How Much Autonomy is Too Much in a Car?
— Marshall Doney (@AAACEODoney) March 7, 2016
A recent AAA study revealed some interesting results. About 75 percent of Americans say that they would be scared to be a passenger in an autonomous car. Most of us are not comfortable letting a robot drive.
On the other hand, 61 percent of the same drivers said they wanted features like automatic emergency braking (AEB) and adaptive cruise control on their next car… features considered to be “semi-autonomous.”
People cited safety as their primary reason, with convenience a close second.
So how much autonomy is too much? It’s clear most drivers are not willing to take their eyes off the road and trust their cars completely, but we enjoy Many automakers, like Volvo and Tesla, are taking an ease-into-it approach to their self-driving cars.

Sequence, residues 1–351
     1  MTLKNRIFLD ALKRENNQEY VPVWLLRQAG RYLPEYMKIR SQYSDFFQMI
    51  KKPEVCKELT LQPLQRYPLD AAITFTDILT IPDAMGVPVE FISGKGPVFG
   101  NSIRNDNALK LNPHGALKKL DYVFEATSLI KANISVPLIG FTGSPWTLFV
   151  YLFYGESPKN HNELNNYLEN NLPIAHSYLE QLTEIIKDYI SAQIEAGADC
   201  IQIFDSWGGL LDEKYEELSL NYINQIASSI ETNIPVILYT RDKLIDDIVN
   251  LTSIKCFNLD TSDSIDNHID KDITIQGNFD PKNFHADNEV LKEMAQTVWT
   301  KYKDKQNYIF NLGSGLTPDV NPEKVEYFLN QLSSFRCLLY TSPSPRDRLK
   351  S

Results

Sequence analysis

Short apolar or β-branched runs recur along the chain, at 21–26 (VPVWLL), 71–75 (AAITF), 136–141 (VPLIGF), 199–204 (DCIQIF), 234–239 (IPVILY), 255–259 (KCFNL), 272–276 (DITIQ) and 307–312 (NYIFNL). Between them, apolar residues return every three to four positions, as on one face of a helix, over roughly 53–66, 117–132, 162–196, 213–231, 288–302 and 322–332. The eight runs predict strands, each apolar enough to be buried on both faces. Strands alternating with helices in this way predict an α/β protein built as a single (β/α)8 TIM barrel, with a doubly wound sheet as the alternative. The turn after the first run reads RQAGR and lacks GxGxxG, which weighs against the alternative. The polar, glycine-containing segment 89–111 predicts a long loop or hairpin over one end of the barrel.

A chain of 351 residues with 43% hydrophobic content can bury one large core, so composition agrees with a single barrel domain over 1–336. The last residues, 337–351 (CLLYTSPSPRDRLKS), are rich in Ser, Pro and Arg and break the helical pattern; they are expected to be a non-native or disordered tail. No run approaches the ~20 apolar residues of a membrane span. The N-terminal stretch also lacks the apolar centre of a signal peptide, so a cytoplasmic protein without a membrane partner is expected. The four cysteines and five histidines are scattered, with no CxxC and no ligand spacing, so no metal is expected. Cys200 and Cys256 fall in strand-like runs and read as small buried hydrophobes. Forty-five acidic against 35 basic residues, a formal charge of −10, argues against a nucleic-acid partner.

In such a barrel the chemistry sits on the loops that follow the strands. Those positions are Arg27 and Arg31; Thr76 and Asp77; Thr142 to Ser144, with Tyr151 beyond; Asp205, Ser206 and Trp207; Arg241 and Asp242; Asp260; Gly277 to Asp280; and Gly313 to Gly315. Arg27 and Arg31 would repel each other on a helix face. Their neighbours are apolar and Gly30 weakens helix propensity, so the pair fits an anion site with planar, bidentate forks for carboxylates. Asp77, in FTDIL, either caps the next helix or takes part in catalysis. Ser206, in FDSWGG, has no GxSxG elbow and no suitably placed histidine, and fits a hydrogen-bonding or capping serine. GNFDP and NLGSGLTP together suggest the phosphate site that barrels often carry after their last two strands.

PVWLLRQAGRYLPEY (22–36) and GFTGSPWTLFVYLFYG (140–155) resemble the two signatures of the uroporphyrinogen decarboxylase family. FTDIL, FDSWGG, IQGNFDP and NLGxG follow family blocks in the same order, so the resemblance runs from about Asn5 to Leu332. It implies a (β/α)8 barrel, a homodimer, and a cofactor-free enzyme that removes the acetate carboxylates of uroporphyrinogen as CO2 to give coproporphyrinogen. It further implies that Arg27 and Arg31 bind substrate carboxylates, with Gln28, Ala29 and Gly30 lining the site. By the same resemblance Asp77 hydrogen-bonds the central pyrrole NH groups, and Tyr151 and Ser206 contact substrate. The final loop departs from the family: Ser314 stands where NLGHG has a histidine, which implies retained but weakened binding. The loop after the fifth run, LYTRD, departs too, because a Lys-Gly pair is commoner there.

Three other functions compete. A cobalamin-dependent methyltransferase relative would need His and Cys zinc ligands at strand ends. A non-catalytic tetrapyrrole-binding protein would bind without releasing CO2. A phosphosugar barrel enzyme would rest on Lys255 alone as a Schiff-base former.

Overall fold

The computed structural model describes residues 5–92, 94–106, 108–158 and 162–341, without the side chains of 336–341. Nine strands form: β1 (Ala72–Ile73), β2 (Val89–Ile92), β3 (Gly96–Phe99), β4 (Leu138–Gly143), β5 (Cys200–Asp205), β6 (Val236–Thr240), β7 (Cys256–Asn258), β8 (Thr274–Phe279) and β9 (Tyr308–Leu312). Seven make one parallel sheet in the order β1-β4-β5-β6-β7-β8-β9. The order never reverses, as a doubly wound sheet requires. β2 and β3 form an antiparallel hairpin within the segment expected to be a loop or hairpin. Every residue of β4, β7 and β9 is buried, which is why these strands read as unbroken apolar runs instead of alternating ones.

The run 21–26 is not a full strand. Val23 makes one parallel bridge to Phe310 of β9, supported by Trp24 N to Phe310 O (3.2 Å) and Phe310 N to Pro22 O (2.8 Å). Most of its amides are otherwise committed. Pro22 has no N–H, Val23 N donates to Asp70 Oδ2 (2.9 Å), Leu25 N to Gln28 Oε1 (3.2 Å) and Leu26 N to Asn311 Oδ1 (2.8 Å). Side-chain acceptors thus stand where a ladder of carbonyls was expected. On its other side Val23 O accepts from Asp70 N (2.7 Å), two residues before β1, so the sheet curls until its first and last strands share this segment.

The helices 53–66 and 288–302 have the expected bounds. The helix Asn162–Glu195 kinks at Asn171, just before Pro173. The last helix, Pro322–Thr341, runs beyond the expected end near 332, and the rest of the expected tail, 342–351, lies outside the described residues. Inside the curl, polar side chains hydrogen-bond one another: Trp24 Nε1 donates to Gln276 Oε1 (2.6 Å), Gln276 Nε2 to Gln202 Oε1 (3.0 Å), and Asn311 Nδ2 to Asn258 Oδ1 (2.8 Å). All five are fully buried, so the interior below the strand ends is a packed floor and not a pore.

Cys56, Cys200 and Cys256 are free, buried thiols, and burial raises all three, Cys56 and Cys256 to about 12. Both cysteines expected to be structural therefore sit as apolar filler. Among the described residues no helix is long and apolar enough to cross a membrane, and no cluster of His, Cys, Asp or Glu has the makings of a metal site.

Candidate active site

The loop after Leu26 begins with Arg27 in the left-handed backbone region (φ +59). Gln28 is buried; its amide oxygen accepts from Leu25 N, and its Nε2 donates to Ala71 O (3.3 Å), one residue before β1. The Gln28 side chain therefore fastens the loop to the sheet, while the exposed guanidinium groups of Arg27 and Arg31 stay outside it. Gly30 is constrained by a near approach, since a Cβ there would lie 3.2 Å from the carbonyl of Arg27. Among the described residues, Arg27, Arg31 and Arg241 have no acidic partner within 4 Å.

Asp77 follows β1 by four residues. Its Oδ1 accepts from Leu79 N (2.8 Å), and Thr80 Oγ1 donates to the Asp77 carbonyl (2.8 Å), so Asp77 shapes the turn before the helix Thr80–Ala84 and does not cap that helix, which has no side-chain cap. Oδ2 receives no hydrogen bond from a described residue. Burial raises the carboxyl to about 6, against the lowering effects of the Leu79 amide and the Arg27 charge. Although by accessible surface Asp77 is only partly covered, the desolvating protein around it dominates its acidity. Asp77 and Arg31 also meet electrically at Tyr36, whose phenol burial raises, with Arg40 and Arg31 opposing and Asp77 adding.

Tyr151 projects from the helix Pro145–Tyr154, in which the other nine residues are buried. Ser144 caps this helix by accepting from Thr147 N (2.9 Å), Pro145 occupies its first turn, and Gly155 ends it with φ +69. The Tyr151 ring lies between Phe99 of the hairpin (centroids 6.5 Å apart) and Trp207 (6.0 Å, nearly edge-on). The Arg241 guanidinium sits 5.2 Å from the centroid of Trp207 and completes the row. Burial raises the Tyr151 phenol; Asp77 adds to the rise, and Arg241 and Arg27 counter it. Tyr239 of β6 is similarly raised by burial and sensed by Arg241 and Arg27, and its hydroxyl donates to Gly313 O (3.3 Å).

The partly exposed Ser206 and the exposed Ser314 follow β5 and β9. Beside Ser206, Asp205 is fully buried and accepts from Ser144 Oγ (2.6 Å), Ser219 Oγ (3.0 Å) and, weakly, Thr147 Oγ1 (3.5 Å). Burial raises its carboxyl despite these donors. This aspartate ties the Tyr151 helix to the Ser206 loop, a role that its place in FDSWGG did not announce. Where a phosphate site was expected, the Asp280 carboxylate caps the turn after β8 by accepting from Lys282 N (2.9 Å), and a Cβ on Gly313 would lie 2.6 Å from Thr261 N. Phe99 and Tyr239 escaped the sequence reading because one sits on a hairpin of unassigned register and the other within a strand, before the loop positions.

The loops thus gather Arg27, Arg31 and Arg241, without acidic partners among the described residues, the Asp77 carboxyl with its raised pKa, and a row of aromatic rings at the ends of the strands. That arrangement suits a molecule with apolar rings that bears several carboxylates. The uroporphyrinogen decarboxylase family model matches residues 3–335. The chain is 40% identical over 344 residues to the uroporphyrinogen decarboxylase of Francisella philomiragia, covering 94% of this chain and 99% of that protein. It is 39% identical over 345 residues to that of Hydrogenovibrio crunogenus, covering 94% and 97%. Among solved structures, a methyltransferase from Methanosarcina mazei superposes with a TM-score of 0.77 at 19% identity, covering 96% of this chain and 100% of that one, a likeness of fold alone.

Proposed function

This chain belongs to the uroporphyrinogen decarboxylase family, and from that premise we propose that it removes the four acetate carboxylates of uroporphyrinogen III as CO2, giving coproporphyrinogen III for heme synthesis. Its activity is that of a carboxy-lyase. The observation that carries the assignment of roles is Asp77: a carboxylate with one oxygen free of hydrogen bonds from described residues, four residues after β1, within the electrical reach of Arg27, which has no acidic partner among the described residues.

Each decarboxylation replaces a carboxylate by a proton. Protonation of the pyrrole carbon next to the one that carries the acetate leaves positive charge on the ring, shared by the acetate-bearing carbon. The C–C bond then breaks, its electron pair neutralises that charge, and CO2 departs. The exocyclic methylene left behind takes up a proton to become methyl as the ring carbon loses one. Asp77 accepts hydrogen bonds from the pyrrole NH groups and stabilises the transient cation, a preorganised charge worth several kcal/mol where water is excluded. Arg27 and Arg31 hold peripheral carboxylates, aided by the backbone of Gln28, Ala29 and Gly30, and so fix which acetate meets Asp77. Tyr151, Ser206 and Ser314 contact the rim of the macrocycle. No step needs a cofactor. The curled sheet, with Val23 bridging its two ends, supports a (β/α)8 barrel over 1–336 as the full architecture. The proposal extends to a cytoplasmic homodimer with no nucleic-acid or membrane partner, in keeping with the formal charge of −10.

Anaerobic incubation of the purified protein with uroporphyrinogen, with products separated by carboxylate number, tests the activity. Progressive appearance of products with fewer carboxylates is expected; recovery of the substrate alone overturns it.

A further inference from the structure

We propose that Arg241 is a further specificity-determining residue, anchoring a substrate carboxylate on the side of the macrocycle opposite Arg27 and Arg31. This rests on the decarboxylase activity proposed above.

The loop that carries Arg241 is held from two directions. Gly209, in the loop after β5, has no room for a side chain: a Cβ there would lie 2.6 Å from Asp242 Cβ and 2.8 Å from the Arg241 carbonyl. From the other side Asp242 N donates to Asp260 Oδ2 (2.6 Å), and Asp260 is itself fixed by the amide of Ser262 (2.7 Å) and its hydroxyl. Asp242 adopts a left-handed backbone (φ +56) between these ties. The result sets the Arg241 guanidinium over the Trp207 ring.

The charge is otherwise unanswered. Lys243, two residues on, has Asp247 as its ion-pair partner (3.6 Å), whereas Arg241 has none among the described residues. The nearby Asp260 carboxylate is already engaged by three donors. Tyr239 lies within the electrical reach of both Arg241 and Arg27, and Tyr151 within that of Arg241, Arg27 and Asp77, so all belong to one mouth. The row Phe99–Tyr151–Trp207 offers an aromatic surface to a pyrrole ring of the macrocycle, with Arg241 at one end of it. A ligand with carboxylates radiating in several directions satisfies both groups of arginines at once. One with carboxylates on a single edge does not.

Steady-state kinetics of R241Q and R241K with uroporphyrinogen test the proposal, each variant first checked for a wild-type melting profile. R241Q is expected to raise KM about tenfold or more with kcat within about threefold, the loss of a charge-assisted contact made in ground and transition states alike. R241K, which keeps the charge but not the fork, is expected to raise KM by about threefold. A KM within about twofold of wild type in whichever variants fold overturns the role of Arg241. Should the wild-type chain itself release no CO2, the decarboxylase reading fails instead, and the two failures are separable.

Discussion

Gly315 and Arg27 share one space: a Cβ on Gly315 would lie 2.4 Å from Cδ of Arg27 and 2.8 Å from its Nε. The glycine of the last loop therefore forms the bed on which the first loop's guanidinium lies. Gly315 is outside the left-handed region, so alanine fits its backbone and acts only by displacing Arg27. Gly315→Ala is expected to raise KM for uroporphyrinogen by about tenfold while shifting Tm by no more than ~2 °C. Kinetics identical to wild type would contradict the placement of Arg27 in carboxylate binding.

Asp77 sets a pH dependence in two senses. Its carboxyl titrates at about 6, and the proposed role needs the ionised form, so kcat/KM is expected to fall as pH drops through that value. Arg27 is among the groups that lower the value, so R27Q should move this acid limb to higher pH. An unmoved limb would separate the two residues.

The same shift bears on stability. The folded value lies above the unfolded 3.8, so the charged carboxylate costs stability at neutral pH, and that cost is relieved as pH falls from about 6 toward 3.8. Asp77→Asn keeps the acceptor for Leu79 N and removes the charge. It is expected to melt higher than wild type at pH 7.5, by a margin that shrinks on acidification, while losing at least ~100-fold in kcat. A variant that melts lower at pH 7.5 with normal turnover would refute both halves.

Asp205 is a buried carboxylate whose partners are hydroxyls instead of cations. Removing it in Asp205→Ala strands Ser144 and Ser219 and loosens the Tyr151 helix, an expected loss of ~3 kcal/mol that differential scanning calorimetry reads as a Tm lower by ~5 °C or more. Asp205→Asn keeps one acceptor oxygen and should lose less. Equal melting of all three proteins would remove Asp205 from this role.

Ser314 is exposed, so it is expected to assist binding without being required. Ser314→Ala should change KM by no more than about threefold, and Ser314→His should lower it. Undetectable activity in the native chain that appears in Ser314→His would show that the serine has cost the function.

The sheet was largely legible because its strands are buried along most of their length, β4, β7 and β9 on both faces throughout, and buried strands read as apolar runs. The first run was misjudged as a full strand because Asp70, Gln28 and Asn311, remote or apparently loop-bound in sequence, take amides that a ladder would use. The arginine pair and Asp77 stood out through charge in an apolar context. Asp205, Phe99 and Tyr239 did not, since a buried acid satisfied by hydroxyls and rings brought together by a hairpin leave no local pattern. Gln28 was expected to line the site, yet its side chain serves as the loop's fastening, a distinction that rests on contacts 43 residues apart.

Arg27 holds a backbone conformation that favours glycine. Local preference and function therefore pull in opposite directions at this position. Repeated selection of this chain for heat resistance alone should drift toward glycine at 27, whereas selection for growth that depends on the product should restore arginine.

Tesla already released an “Autopilot” mode for their electric sports cars. In Autopilot, a car keeps stays in its lane without driver control, maintains a safe distance behind the car ahead of it, and can even change lanes on its own to pass a slower car. The functionality is limited, and drivers are instructed to keep at least one hand on the wheel at all times.
Volvo, following a similar line of thinking, has shown concept cars with interactive screens that give drivers constant insight into vehicle’s decision-making process while in self-drive mode.
Visit Larry H. Miller Used Car Supermarket to find a used car near Salt Lake City with semi-autonomous features.